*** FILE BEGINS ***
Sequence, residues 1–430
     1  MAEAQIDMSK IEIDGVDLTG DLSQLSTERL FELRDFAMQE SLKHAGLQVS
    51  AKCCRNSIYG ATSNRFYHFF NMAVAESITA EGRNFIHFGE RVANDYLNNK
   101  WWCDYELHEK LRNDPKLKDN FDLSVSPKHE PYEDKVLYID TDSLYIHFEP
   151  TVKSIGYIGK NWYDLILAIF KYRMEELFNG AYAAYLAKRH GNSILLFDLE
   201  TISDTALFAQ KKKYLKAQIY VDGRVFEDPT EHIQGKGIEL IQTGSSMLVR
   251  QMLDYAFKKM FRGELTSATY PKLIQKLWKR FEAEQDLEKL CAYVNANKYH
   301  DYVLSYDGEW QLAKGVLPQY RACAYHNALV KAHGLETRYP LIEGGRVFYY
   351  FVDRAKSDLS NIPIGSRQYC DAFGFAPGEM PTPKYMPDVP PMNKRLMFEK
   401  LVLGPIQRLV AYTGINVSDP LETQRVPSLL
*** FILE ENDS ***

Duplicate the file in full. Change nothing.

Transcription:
Sequence, residues 1–430
     1  MAEAQIDMSK IEIDGVDLTG DLSQLSTERL FELRDFAMQE SLKHAGLQVS
    51  AKCCRNSIYG ATSNRFYHFF NMAVAESITA EGRNFIHFGE RVANDYLNNK
   101  WWCDYELHEK LRNDPKLKDN FDLSVSPKHE PYEDKVLYID TDSLYIHFEP
   151  TVKSIGYIGK NWYDLILAIF KYRMEELFNG AYAAYLAKRH GNSILLFDLE
   201  TISDTALFAQ KKKYLKAQIY VDGRVFEDPT EHIQGKGIEL IQTGSSMLVR
   251  QMLDYAFKKM FRGELTSATY PKLIQKLWKR FEAEQDLEKL CAYVNANKYH
   301  DYVLSYDGEW QLAKGVLPQY RACAYHNALV KAHGLETRYP LIEGGRVFYY
   351  FVDRAKSDLS NIPIGSRQYC DAFGFAPGEM PTPKYMPDVP PMNKRLMFEK
   401  LVLGPIQRLV AYTGINVSDP LETQRVPSLL